in the portion that discusses obesity as an “intermediate step” and references only subsection (a)
of 38 C.F.R. § 3.310. Nevertheless, the principles contained in § 3.310 make any distinction in
G.C. Opinion 1-2017 between causation and aggravation legally untenable.
As an initial matter, we note that G.C. precedent opinions are issued by VA’s chief legal
officer and are binding on the Board. 38 U.S.C. § 7104(c). They are not, however, binding on the
Court. Molitor v. Shulkin, 28 Vet.App. 397, 408 (2017). Instead, because such opinions lack the
formalities of notice-and-comment rulemaking, the Court defers to them in accordance with their
“‘power to persuade.'” Wanless v. Shinseki, 618 F.3d 1333, 1338 (Fed. Cir. 2010) (quoting
Skidmore v. Swift & Co., 323 U.S. 134, 140 (1944)).
To properly analyze Ms. Walsh’s arguments with respect to G.C. Opinion 1-2017, we must
start with the language of the regulation governing secondary service connection. Section 3.310
first provides that “disability which is proximately due to or the result of a service-connected
disease or injury shall be service connected.” 38 C.F.R. § 3.310(a) (2019). This describes a causal
relationship. See MacPhee v. Nicholson, 459 F.3d 1323, 1327 (Fed. Cir. 2006). In the next
subsection, the regulation specifies that “[a]ny increase in severity of a nonservice-connected
disease or injury that is proximately due to or the result of a service-connected disease or injury,
and not due to the natural progress of the nonservice-connected disease, will be service connected.”
38 C.F.R. § 3.310(b). This, as the provision itself recognizes, describes an aggravating relationship.
6
See id. The operative language in these provisions is essentially identical. Both discuss something
that “is proximately due to or the result of a service-connected disease or injury” and advise that
this “shall [or will] be service connected.” Nothing in this language justifies a distinction between
causation and aggravation in the first step of the analysis in G.C. Opinion 1-2017.
Aside from (b)’s “natural progress” clause, the only difference between the two subsections
is the subject of the operative language: in (a) it is a “disability,” whereas in (b) it is an “increase
in severity of a nonservice-connected disease or injury.” But, for purposes of the present inquiry,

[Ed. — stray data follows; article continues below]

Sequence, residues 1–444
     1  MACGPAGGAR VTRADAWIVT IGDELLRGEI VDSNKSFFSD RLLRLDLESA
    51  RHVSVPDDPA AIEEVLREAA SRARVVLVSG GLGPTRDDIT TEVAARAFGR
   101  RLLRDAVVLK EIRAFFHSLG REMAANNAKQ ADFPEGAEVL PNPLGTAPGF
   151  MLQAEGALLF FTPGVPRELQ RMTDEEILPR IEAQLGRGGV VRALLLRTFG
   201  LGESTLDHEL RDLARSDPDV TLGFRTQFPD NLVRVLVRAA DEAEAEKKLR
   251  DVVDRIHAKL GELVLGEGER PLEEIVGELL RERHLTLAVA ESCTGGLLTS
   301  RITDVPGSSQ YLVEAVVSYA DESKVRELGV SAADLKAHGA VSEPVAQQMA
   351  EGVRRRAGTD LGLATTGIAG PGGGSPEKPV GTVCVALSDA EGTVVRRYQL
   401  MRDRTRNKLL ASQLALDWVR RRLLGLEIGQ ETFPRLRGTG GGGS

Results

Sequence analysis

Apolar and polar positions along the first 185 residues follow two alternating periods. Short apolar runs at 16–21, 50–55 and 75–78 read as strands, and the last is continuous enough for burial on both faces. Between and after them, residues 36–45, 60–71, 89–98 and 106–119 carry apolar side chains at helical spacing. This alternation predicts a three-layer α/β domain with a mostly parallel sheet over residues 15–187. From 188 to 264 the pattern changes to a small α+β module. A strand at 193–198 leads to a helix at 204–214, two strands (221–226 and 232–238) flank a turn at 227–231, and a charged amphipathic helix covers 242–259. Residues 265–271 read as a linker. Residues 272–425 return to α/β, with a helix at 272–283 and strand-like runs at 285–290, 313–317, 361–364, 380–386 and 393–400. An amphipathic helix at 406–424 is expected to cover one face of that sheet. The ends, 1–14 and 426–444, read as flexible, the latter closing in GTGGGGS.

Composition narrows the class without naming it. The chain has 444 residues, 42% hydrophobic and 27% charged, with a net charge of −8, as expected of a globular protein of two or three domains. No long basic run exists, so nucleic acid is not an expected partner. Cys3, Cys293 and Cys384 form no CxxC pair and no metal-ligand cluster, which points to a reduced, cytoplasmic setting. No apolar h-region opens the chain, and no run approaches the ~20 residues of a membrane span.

these terms are conceptually synonymous. Our decision in Allen v. Brown, 7 Vet.App. 439, 448
(1995) (en banc), makes clear that “when aggravation of a veteran’s non-service-connected
condition is proximately due to or the result of a service-connected condition, such veteran shall
be compensated for the degree of disability (but only that degree) over and above the degree of
disability existing prior to the aggravation.”4 In other words, aggravation is just causation of an
increase in disability—i.e., a discrete portion of disability—rather than of the whole disability
itself. Thus, Allen held that the term “disability” includes “any additional impairment of earning
capacity resulting from an already service-connected condition.” 7 Vet.App. at 448. The remainder
of subsection (b) bears this out. It instructs VA adjudicators to “determine the baseline and current
levels of severity under the Schedule for Rating Disabilities . . . and determine the extent of
aggravation by deducting the baseline level of severity, as well as any increase in severity due to
the natural progress of the disease, from the current level.” 38 C.F.R. § 3.310(b). Therefore, the
fact that subsection (b) uses the phrase “increase in severity of a nonservice-connected disease or
injury” rather than “disability,” as appears in subsection (a), is of no legal moment.
In short, there is no permissible basis in the relevant regulation for concluding that obesity
may be an “intermediate step” in a secondary-service-connection analysis when service-connected
disability causes it, but not when service-connected disability aggravates it. So, where does that
leave G.C. Opinion 1-2017? The Secretary’s brief is carefully agnostic as to whether G.C. Opinion
1-2017 takes a position on the aggravation-of-obesity issue and, if so, whether that position is
4 Allen’s conclusion was based on a reading of the relevant statutes. Before Allen, “VA paid compensation
for a disability on a secondary basis only if the secondary condition was entirely caused by a service-connected
disability.” Claims Based on Aggravation of a Nonservice-Connected Disability, 62 Fed. Reg. 30,547, 30,547 (June
4, 1997) (proposed rule) (emphasis added).
7
consistent with § 3.310. Importantly, the Board may not rely on a G.C. opinion that is inconsistent
with a valid regulation. See, e.g., Franklin v. Brown, 5 Vet.App. 190, 192-93 (1993).
Based on our review of G.C. Opinion 1-2017, however, we discern no necessary